During the early days of legendary sportscaster Myron Cope's call-in show on WTAE radio, he would get semi-regular calls from a character named "Lance Boil." Boil would jumpstart the show by talking about everything from Steelers football to Cope's Pittsburgh accent.
"Lance Boil" wasn't real, but rather a persona put on by Cope's friend and neighbor Frank J. Haller. True to his nature, Mr. Haller was simply trying to help his friend get a start in the broadcasting industry.
Mr. Haller died at his Scott home Wednesday after a brief battle with cancer. He was 82.
"[He was ] one of the most intelligent, wittiest, and I'd say forgiving people I've ever known," Mr. Haller's longtime friend Bud Stevenson said. "It's really a loss."
After a stint in the military during the Korean War, Mr. Haller settled in Pittsburgh and began work as a writer at BBDO advertising agency. Dan Torisky, who met Mr. Haller while the two were stationed overseas, worked alongside him at BBDO and remembered a man who seemed born to be an advertising writer.
"He was probably the single most creative writer that I have ever known," Mr. Torisky said.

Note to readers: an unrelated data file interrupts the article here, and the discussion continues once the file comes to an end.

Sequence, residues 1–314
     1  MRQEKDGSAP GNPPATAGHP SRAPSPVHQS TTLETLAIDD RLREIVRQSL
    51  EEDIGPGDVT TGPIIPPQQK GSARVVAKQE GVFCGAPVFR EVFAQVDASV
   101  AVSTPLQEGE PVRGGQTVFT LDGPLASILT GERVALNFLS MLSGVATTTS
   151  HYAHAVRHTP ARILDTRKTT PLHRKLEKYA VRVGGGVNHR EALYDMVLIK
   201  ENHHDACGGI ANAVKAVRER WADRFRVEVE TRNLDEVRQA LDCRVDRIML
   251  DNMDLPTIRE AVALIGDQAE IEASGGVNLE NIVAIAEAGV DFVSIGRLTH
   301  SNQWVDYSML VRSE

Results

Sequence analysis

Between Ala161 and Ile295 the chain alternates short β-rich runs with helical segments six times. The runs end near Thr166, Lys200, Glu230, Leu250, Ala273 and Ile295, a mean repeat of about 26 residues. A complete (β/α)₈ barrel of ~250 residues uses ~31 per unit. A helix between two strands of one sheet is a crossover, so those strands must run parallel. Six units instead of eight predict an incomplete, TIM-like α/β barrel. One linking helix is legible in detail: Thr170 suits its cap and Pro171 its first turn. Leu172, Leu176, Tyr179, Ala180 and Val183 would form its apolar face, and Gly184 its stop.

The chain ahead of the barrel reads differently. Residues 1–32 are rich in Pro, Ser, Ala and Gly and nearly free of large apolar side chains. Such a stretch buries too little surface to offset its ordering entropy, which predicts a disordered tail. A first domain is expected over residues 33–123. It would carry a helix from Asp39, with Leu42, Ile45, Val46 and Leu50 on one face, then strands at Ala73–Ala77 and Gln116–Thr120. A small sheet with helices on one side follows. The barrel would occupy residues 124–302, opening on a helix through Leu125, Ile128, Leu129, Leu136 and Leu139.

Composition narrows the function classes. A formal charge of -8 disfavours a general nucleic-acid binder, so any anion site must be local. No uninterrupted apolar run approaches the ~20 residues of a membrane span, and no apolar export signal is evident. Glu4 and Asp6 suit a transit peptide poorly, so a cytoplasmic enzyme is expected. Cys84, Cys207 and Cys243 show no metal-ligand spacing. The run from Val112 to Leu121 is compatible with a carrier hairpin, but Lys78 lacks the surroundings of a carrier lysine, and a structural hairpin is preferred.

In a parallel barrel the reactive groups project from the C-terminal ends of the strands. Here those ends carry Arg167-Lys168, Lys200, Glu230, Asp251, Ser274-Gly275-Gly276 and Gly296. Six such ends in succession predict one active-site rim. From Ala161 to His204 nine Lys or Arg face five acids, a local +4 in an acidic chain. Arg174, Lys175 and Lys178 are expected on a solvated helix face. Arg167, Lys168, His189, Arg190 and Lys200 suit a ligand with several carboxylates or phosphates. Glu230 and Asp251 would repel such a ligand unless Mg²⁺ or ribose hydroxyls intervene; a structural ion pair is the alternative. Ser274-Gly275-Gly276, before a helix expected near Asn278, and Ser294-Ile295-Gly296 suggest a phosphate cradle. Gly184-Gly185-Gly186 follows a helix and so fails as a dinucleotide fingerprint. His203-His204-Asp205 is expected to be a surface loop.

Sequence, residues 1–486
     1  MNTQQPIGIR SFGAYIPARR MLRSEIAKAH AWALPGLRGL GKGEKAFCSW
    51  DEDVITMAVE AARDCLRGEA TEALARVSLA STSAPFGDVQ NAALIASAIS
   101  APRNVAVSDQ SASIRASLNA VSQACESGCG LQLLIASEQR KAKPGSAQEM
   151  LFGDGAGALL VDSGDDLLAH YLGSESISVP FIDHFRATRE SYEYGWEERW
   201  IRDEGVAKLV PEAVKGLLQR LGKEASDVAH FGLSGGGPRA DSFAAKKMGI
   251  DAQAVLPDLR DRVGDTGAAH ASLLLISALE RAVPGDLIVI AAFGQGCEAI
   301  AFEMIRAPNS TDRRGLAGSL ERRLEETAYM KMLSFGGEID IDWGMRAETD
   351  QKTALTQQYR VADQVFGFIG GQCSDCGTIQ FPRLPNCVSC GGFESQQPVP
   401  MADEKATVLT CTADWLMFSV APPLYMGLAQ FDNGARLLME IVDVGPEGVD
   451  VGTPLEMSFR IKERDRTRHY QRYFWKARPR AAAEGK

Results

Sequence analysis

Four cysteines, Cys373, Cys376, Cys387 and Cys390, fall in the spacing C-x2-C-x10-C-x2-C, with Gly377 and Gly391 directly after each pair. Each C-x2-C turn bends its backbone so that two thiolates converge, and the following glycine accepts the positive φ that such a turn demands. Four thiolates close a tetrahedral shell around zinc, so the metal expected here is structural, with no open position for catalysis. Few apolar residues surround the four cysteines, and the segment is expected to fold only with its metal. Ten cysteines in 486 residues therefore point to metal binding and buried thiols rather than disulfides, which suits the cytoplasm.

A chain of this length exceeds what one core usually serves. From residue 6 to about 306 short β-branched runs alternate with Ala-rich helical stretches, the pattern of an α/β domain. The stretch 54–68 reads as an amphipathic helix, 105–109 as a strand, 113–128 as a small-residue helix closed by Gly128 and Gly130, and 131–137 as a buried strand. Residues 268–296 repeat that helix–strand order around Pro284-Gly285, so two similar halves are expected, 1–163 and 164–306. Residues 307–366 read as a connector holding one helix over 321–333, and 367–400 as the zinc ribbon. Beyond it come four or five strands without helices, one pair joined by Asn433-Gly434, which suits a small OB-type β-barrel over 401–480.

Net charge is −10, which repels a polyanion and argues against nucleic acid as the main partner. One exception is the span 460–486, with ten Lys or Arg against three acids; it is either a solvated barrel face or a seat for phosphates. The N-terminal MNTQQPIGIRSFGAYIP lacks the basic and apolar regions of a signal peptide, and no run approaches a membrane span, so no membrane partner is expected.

Away from the office, though, Mr. Torisky described Mr. Haller as "a best friend to everybody that ever knew him."
An avid golfer, Mr. Haller decided in 1981 to start a charity golf tournament with Cope and former Pitt coach Foge Fazio. That year, the trio founded the event now known as the Cope/Fazio Memorial Golf Tournament at Montour Heights Country Club.
Since its inception, the event has raised more than $1.5 million for the Autism Society of Pittsburgh.
Cope and Mr. Torisky both had sons with autism, and Mr. Haller wanted to help his friends however he could.
"When Myron died, when Foge died, who's the guy that kept that tournament going? Frank Haller," Mr. Torisky said.
"And you never heard of him. He'd never stand up and take credit. Even at the event, at the banquet after the event, all these celebrities are there and you'd want Frank to come up and say a few words. He wouldn't. He refused to take credit for anything. He just quietly worked and is the most unselfish man I've ever known in my life."
One of Mr. Haller's commitments in his later years was organizing a monthly gathering of all the old advertising men who lived in Pittsburgh. The group gathered at Atria's in Mt. Lebanon and swapped tales about their times in the business.
"We'd tell stories," Mr. Stevenson said. "A lot of funny things that happened with different clients. Just conversation, most of it was laughter."
Mr. Haller is survived by his wife, Juliet, and four children. Friends will be welcomed at Laughlin Memorial Chapel in Mt. Lebanon Sunday from 2 to 4 and 6 to 8 p.m. Mass will be celebrated in SS. Simon & Jude Church, Scott, Monday at 9:45 a.m.obituaries
Sam Werner: email@example.com or on Twitter @SWernerPG.